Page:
Posted in Jewelry

Two antique Russian brooches.

These two antique Russian brooches are beautiful in a quiet refined way – they don’t scream for your attention, but it’s hard to ignore their flickering presence all the same.

Brooch #1 is bold and beautiful, with a strong silver/blue color contrast. That central oval sapphire is about 11.25 carats, so it really makes a grand statement. The openwork, foliate inner embellishments and the outer arcs of the brooch are both set with old-mine & rose-cut diamonds. The brooch is made in silver and gold; with a lovely contrasting border of gold right around the sapphire to warm up the central element and help its color pop.

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I’d love to see this pinned on colorful fabric like a rich emerald velvet or a lighter pink, wouldn’t you? I think it would be wonderful on a sash or belt.

Brooch #2 is equally lovely in a more delicate, understated way.  This brooch is designed as a plant with tourmaline buds or leaves. The branch or stem of the plant is set with old-mine & rose-cut diamonds. This brooch is also set in silver and gold.

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The effect is quietly elegant and very appealing. I think it would have a marvelous forest-in-winter look on the lapel of a snowy white coat. Actually, I  think this piece could be adapated beautifully as hair bling. I can imagine it winking next to an elegant updo or pinned into the side of mass of curls.

Do you wear brooches? If so – what do you do with them? I’m afraid that I neglect this category of jewelry terribly.

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Posted in Tips & tricks

How to wear a brooch: 13 styles you’ll want to try.

What’s a cooler piece of jewelry than a brooch? They can be shaped like anything and to wear one, you just stick it to yourself in any way you want. I’m all about them…in theory.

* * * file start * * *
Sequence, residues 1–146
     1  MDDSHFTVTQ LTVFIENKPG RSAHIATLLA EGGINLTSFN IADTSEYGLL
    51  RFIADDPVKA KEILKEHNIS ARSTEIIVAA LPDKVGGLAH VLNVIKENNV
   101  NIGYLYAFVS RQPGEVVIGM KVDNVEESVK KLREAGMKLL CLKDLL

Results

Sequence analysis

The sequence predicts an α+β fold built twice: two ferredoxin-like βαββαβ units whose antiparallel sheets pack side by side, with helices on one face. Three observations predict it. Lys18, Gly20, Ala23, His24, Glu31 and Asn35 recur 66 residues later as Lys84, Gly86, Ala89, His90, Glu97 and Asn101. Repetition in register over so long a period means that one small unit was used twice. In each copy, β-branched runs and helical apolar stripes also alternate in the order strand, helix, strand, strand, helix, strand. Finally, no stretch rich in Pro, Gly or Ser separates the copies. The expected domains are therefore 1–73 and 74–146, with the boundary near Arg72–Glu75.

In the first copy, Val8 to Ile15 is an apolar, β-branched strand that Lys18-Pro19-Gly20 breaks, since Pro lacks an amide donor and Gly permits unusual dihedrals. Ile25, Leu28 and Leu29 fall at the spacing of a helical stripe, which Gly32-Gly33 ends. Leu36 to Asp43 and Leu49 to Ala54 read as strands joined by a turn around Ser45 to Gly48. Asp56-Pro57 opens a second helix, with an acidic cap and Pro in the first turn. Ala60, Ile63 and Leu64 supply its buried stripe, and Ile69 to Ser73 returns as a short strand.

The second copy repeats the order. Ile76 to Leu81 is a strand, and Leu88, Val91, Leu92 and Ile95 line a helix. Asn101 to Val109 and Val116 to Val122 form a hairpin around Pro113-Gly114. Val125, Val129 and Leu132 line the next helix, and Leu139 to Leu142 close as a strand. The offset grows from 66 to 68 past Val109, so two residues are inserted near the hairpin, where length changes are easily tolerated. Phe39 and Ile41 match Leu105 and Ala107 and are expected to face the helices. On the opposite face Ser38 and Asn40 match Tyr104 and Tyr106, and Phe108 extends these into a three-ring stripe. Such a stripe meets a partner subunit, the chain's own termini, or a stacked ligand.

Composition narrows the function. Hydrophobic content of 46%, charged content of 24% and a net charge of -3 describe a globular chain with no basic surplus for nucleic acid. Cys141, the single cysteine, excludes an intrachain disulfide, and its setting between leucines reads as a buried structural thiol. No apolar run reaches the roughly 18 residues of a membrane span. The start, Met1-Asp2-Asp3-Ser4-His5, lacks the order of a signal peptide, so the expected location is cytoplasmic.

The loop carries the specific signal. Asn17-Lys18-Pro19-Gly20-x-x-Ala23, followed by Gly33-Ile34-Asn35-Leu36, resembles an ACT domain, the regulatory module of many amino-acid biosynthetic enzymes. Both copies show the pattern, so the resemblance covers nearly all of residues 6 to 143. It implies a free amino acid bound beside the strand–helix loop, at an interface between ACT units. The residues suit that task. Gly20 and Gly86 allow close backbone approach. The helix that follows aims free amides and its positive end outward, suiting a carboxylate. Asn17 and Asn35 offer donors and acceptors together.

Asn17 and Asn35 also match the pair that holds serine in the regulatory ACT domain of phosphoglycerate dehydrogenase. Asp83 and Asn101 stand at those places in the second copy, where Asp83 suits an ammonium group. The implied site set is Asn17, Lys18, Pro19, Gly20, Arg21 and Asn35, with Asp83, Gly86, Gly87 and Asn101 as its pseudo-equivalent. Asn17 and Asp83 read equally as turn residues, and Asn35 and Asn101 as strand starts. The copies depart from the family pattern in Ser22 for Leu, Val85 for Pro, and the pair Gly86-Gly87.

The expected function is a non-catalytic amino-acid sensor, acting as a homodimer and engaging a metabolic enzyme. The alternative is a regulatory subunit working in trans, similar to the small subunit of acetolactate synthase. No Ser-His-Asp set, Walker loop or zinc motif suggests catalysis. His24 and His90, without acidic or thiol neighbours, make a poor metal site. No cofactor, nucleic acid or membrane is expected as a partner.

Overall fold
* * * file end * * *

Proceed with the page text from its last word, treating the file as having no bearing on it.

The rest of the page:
In reality: I’m terrible at brooches. They make me nervous. I can put them anywhere I want? What if I choose a stupid place? What if the brooch isn’t at the right angle? Is it hanging correctly? I’d better try this another day.

I’m determined to overcome my brooch fears and I’d like to invite you to join me! The weather is getting colder, and autumn and winter are the perfect seasons to wear a brooch. So many layers and accessories just ripe for adornment.

To aid me on my quest to wear a brooch like a boss, I’ve rounded up some brooch-spiration to encourage me to try new things. Without further ado, I present 13 ways to wear a brooch.

A-fantastic-antique-diamond-and-demantoid-garnet-lizard-brooch-from-Lang-Antiques.

The combination of textures and colors is what really kills me about this photo from Lang Antiques. I love the chunky knit of the sweater with the nubby old cut stones of the diamond and demantoid garnet brooch.

That, and how the lizard is positioned so that it looks like it’s gazing curiously out at the world. I want a shoulder friend as cool as this one.

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This is not brooches. This is rhinestone detailing on a Vionnet gown from 1938. Why is it in my article on how to wear a brooch? Because it makes me want to cover the straps of a cocktail dress with brooches.

The-fabulous-Anya-of-GemFever-rocking-an-antique-bar-brooch-on-a-blue-blouse.

This image comes to us from my lovely friend Anya, who is kind of a wizard with brooches (teach me your ways, Anya!).

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Here’s another wining brooch look from Anya, who says this one was accidental: she’d been wearing the brooch on her top, but her adorable baby daughter was far too interested in it. She moved the brooch to her jeans to protect both jewel and baby, and a fabulous style was born.

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Look at this A+ dress clip styling from Hancocks. I think the temptation with dress clips is to do something easy and symmetrical with them – and that can looks awesome, but I love the way the placement of the brooches here plays with the lines on just one side of the jacket.